*Since exercise is one of the things that triggers the bowel to empty, get plenty of it. This gives your brain a chance to send 'exercise' messages to the bowel. It needn't be wildly energetic; a brisk walk every day is fine for most people. Exercise also improves your capacity to withstand stress and keeps your internal muscles in good condition. Many digestive ailments are caused because muscles in the abdomen are too slack, so they sag, and the contents of the abdomen are compressed downward. This produces congestion, sluggish bowel movements, and constipation.
Here are some traditional remedies for constipation:
*Infuse 1/10 to 1/5 ounce of basil leaves or flower tips in boiling water. Strain and drink. Basil also has antispasmodic properties.
*Eat a raw apple in its skin for breakfast every day.
*Psyllium seed, with a full glass of water, keeps the stool soft.
*Drink barley juice or wheatgrass.
*Simmer two pounds of carrots in four cups of water for about one to two hours. Blend in a blender. Take as a soup.
*Soak figs or prunes overnight in water. The figs can be eaten uncooked, but prunes should be cooked before eating. Drink the water they have been cooked in, too.
*Eat kiwi fruit (a traditional remedy from New Zealand) from time to time.
*Eat charcoal biscuits (obtainable from pharmacists or health food stores).
*Drink a + cup of aloe vera juice in the morning and evening.
*Take natural licorice, as sweets or in stick form.
*Massage your lower back with a blend of essential oils: 20 drops of marjoram plus five drops of rose in two fluid ounces of vegetable oil. Essential oils can be obtained from many health food stores.
As you will know by now, diarrhea is one of the main symptoms of IBS. You may have it on its own, or alternating with constipation, or with or without mucus. The usual pattern is to have a period of constipation with the typical 'rabbit pellets,' then out it all comes as a rather explosive diarrhea.
In fact, this is not typical diarrhea. Typical or infective diarrhea -- also known as gastroenteritis -- is usually caused by an infection or by con tam inated food or water. As the body tries to get rid of whatever has con taminated it, the typical symptoms occur: upset stomach, vomiting, abdominal pain, and great quantities of very loose stools. You will prob ably feel dreadful, all limp and washed out, but when you have gotten rid of whatever made you sick, you will start to feel better again.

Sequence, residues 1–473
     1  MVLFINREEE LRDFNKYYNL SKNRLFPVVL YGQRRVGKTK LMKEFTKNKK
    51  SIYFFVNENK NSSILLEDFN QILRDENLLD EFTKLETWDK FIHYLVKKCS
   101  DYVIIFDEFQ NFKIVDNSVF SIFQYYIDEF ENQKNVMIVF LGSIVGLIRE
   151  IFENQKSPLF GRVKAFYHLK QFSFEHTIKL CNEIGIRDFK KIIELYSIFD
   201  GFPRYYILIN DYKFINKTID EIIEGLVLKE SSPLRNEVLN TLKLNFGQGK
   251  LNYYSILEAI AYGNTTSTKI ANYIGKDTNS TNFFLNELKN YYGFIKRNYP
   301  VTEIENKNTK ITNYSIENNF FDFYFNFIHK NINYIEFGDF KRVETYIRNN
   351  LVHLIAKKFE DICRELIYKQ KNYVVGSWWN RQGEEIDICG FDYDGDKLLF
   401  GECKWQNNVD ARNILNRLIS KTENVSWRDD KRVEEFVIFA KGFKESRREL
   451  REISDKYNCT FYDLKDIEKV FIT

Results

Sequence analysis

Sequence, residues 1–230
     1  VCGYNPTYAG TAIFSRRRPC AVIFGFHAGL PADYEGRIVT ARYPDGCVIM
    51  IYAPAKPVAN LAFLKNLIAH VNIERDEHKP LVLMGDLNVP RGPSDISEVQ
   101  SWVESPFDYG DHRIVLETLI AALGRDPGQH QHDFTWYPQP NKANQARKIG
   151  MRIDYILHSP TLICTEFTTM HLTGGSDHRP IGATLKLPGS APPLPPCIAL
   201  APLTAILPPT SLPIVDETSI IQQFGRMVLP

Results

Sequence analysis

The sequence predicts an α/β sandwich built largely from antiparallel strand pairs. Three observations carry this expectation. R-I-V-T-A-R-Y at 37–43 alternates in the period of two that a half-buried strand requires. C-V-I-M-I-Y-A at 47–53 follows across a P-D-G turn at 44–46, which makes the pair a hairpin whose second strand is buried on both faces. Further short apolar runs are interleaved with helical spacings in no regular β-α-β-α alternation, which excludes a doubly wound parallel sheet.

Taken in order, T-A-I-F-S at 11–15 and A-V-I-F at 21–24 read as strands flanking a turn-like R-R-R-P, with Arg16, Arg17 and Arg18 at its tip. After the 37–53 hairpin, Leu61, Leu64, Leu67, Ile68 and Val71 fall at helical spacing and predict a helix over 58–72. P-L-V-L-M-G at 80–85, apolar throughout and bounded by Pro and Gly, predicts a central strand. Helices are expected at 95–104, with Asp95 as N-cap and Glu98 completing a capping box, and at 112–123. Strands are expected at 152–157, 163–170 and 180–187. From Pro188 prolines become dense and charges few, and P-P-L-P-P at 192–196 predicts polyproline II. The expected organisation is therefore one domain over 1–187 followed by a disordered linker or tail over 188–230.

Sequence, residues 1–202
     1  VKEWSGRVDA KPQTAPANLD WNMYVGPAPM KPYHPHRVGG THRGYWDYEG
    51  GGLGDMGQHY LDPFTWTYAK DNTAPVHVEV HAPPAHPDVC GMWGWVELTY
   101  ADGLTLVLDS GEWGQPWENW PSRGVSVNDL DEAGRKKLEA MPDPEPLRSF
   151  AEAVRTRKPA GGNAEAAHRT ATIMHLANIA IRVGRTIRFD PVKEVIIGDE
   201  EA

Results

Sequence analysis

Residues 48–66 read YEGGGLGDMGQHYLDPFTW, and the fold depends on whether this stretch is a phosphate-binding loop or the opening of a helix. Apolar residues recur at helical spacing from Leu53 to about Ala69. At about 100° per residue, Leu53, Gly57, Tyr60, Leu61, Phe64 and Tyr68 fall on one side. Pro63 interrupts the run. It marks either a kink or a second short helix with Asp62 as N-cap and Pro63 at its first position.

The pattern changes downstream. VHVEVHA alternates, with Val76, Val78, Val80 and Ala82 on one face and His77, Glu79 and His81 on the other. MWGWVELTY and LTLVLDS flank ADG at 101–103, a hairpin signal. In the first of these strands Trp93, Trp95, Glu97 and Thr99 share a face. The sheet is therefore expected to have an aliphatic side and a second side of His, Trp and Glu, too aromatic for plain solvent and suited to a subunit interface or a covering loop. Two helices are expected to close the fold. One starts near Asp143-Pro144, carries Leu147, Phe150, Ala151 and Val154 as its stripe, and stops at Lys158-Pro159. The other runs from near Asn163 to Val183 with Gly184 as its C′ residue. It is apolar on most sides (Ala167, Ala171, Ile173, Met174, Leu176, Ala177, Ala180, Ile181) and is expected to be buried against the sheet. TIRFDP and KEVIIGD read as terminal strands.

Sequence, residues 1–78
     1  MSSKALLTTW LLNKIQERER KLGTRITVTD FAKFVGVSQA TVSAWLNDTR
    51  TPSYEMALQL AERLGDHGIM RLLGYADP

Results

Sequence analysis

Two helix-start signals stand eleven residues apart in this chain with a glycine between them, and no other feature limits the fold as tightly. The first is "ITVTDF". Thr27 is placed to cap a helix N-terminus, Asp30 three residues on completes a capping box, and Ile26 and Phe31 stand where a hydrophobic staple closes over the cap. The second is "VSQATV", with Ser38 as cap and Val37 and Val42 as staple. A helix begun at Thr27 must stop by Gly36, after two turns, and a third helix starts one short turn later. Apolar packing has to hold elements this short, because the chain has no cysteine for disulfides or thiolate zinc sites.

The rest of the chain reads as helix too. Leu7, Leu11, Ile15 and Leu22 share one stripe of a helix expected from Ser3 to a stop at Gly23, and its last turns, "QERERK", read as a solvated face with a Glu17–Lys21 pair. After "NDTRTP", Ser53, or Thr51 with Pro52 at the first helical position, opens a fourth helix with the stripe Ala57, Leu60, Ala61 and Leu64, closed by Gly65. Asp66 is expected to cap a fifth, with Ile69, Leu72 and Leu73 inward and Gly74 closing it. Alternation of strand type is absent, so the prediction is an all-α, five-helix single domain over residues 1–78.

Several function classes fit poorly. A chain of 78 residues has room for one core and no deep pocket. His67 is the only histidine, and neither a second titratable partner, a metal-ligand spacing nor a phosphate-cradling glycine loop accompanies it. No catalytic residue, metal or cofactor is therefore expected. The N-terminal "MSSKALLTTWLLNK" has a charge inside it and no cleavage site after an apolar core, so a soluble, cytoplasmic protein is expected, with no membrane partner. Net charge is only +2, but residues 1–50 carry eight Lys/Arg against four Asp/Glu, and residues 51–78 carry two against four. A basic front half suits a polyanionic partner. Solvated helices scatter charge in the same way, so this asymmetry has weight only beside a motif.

The diarrhea of IBS is rather different. The quantity of feces that you pass is much smaller than with infective diarrhea; in fact, over sev eral days it is much the same quantity as an average bowel movement, though more frequent and sloppy. And the looseness is not caused by any infection or contamination.
With the diarrheal form of IBS, you probably get it worse in the morning and feel more settled as the day progresses. The pain may get worse as you have a bowel movement and then disappear. Also, you may have to get up in the night with it. Some people have IBS and diarrhea without any pain at all. Once again, there are so many variations that it's not surprising it has taken so long to link all the symptoms together.
It is possible that part of your colon does not work as well as it should and passes food on to the rectum before all the water has been properly absorbed, making the stools fairly runny instead of fairly dry. Also, your own rectum may not like being even half-full and may send 'emptying' messages too early.
Also, bear in mind that quite a large number of those with the diarrheal form of IBS use laxatives regularly and surreptitiously, and this is probably one of the causes of the problem.
Researchers have discovered that 50 to 60 percent of individuals with the diarrheal form of IBS have an intolerance to one or more foods. You may be one of these if you experience one of the following conditions:
*You have diarrhea as your main symptom.
*You wake up at night needing to have a bowel movement.
*You started to get IBS after an attack of gastroenteritis or a long course of antibiotics.
*You feel very tired or weary.
*You get headaches.